Connect sat down to chat with Tokyo Sinfonia’s founder and conductor Robert Ryker about their difficulties during lockdown, and how they are slowly but surely preparing for their comeback concert in June.
Tokyo Sinfonia is a Tokyo-based orchestra of 19 musicians dedicated to providing artistic classical performances in a friendly environment. Ryker is well known for rescoring rarely played compositions by great composers.
The Covid-19 pandemic gave birth to a “new normal”—work at home. While working at home is not so much of a burden to some businesses, it surely has taken a toll on the music industry.
“We could not rehearse,” Ryker said. Tokyo Sinfonia has resorted to Zoom, but this has been chaotic due to the time delay, which ruins musical synchronization. While live streaming of stay-at-home concerts has been done in many cases, unfortunately, it was not feasible for Tokyo Sinfonia. Simple pieces that don’t require a conductor can be successfully pulled off in a live stream, but for those who are trying to do more complex performances, a face-to-face rehearsal and show is a must.
Ryker also raised concerns about his musicians’ well-being. They missed playing in front of crowds. They missed the quality time interacting with the audience after the post-show champagne. Ryker is compassionate towards his musicians, who have devoted their time and money to their art. “The orchestra was in danger of disappearing,” he sighed.
Russian Romantic Program Revival
In Tokyo, the lockdown was officially lifted on May 25, which has brought a smile to the faces of the members of Tokyo Sinfonia!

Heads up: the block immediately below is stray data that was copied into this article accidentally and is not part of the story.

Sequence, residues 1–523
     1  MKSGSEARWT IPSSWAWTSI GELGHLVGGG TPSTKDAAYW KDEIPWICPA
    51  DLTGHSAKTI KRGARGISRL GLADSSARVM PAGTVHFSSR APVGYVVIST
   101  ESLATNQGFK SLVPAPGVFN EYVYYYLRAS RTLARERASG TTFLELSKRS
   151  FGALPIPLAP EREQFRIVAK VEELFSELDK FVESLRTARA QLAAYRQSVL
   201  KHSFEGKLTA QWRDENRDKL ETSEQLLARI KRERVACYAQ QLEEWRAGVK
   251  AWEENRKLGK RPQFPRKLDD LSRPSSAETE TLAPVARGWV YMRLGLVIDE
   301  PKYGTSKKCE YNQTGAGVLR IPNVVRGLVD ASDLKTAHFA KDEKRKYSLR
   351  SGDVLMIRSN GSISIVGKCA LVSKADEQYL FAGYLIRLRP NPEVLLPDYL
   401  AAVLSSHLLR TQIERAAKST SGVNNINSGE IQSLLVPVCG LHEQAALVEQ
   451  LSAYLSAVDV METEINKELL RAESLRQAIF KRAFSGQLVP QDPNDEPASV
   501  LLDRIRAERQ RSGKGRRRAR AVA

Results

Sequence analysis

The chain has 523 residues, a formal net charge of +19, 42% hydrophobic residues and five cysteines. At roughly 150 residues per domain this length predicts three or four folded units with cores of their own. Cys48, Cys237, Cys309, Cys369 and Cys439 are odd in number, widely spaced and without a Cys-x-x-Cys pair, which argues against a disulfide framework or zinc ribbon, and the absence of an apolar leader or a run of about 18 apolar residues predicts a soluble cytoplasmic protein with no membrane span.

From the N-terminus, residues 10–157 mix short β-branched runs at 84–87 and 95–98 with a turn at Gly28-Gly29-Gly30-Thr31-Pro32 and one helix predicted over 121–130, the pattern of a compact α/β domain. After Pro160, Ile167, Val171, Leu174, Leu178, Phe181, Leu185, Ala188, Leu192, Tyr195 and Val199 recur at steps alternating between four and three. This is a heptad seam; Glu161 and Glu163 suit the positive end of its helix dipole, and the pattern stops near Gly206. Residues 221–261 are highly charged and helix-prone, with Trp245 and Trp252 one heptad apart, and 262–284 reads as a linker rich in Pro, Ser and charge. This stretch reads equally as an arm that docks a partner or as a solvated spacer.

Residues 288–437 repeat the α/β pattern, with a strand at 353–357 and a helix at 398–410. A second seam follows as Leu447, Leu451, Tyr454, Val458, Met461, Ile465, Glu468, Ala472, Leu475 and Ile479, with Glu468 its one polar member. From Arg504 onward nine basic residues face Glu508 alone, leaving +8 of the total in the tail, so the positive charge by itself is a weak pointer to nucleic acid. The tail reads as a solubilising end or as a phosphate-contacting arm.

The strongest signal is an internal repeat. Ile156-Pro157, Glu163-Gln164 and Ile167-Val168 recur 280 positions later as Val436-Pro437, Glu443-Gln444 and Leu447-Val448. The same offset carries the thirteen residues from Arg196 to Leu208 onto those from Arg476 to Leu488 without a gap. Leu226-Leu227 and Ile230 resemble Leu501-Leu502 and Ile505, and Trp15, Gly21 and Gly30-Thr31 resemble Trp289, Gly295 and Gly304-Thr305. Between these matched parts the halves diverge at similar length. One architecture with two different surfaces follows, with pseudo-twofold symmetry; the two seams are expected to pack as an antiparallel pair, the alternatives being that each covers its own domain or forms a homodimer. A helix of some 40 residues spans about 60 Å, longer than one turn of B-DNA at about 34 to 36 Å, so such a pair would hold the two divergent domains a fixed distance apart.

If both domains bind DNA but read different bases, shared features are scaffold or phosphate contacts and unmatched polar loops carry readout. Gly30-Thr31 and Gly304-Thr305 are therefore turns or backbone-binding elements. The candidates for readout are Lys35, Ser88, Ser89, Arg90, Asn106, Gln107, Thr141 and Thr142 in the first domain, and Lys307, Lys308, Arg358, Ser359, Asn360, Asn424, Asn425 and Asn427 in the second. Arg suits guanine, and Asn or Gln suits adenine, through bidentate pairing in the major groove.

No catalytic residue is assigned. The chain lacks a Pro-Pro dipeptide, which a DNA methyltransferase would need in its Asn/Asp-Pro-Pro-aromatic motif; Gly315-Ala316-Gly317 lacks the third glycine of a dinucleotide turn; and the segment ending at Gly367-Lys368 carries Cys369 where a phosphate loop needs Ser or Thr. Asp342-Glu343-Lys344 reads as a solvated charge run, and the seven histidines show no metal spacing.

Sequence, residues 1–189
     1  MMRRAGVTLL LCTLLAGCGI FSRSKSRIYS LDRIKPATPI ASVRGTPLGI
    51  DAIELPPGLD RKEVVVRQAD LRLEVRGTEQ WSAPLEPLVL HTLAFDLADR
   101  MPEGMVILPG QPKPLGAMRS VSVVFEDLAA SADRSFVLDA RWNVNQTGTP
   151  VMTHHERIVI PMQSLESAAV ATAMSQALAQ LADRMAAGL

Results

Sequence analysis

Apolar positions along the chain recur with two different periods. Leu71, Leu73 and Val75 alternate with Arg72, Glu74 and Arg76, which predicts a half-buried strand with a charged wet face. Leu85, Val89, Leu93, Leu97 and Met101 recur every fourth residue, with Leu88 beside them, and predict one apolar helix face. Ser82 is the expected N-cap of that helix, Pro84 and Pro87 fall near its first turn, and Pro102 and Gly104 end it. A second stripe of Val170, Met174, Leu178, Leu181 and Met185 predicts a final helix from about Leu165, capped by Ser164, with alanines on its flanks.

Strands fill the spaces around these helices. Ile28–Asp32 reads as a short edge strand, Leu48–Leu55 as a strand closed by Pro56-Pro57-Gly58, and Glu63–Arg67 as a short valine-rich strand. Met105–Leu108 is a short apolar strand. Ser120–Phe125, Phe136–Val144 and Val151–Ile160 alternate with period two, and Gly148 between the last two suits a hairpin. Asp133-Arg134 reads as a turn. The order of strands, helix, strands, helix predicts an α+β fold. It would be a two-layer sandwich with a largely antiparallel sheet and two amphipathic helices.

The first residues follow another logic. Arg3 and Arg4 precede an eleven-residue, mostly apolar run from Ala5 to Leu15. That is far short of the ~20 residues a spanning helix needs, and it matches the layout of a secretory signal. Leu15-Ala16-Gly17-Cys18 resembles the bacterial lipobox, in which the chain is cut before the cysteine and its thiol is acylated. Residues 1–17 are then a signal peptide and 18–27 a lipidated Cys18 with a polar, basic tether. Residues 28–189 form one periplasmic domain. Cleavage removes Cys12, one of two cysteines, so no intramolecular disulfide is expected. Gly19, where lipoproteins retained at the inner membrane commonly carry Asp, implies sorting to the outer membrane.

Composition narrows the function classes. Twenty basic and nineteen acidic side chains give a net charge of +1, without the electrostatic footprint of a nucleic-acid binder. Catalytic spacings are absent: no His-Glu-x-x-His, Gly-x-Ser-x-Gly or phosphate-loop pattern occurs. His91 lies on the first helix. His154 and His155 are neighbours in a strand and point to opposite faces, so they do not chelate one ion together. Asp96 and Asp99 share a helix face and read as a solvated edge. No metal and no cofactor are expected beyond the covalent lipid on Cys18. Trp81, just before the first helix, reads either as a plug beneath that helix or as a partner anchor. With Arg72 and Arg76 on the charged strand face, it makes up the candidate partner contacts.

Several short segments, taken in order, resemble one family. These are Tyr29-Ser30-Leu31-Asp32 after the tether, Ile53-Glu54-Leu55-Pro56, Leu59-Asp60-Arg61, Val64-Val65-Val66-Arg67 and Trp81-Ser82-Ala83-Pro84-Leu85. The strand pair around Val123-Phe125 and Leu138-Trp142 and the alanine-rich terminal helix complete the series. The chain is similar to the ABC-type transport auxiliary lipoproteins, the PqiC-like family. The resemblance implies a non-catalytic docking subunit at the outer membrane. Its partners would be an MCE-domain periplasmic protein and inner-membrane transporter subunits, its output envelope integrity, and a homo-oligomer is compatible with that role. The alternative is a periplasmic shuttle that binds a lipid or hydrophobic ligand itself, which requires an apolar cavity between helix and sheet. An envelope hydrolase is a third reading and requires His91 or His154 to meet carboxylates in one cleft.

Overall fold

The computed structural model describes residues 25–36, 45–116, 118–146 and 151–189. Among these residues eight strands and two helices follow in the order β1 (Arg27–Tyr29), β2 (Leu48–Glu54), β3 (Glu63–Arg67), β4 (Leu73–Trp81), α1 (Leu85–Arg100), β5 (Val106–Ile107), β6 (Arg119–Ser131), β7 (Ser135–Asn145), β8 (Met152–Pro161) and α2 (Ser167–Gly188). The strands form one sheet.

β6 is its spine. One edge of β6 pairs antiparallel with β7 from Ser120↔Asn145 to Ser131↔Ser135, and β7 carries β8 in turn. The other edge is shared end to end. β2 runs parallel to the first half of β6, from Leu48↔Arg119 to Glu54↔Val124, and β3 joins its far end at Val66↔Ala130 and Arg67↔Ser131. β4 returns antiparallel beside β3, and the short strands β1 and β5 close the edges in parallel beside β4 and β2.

They have high hopes of returning to stage in June. They first sent out newsletters about their concert schedule and closely watched announcements from the government as the lockdown was lifted in stages. Prime Minister Shinzo Abe announced that concerts and exhibitions can resume, but the maximum number of visitors must not exceed 100 for indoor events nor 50 percent of the venue’s capacity. These were conditions Tokyo Sinfonia could meet.
Their first post-virus concert is called Rich Russian Romantic. Ryker did not want to go mainstream, so the program will feature the work of Alexander Borodin, whose compositions were among the finest during the Romantic era. The program is certainly going to transport attendees to a more peaceful and tranquil place!
Below is the tentative schedule for the JUNE champagne concert
Romantic Russian Serenade June 17, Oji Hall (Ginza) from 19:00
Music Touches the Heart
Ryker hopes that this concert will touch hearts and uplift people. He wants the audience to close their eyes and absorb the beauty of the music. The concert will help not only the audience but also the musicians who have been waiting for the chance to pick up their instruments and please people.
The world has certainly become more divided while dealing with the Covid-19 crisis. But music can always be a cure that reminds us that we are a family, despite coming from different backgrounds. “Music draws us together,” Ryker said.
Tokyo Sinfonia is offering Connect Members two pairs of complimentary tickets, good for any regular series concert in Oji Hall during the coming six months. Click here to get them for the next concert in June!